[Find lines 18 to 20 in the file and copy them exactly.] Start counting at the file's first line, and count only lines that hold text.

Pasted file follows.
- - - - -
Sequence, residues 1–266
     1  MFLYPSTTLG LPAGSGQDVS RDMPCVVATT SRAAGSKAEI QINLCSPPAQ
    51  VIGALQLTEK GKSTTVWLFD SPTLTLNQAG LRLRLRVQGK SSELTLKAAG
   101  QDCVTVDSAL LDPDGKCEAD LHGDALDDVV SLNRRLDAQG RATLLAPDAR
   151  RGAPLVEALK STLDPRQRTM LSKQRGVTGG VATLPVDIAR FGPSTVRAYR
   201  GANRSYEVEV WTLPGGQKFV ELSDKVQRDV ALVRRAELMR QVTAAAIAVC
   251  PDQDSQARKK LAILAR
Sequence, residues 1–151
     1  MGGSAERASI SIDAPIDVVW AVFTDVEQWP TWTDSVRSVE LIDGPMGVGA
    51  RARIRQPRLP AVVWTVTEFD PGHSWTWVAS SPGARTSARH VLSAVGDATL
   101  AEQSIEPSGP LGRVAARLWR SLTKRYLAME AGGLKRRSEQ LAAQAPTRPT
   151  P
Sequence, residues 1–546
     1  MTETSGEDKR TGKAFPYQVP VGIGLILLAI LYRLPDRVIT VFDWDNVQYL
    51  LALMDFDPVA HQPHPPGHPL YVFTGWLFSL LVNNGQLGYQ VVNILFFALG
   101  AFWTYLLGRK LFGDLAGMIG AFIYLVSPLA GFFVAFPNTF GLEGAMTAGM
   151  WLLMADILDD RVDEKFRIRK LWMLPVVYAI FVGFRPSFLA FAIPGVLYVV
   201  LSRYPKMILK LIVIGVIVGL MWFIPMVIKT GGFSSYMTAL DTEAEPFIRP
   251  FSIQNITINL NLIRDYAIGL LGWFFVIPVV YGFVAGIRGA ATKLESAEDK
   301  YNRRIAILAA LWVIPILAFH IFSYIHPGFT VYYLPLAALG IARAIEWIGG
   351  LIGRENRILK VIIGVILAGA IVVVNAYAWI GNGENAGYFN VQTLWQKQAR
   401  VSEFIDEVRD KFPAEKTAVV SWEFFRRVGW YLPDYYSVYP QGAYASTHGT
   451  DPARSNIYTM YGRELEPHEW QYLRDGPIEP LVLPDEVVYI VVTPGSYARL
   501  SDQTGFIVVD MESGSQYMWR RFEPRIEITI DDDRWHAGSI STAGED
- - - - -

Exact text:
   201  LSRYPKMILK LIVIGVIVGL MWFIPMVIKT GGFSSYMTAL DTEAEPFIRP
   251  FSIQNITINL NLIRDYAIGL LGWFFVIPVV YGFVAGIRGA ATKLESAEDK
   301  YNRRIAILAA LWVIPILAFH IFSYIHPGFT VYYLPLAALG IARAIEWIGG